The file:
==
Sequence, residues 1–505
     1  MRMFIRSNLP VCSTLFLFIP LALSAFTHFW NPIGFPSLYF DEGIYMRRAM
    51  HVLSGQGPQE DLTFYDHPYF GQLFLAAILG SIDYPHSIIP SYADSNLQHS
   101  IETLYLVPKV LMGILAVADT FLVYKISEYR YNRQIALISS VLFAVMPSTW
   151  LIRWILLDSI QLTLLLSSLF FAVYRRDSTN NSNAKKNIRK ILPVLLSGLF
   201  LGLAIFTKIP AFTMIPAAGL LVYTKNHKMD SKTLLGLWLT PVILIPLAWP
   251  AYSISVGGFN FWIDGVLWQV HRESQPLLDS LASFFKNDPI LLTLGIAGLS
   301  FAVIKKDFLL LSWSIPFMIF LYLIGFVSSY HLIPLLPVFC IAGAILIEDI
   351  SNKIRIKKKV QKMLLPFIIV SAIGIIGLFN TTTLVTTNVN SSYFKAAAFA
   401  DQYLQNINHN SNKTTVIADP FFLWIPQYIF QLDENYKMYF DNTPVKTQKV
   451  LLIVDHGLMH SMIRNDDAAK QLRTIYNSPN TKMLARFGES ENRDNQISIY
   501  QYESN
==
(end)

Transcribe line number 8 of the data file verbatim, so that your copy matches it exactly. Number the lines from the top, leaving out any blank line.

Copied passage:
   301  FAVIKKDFLL LSWSIPFMIF LYLIGFVSSY HLIPLLPVFC IAGAILIEDI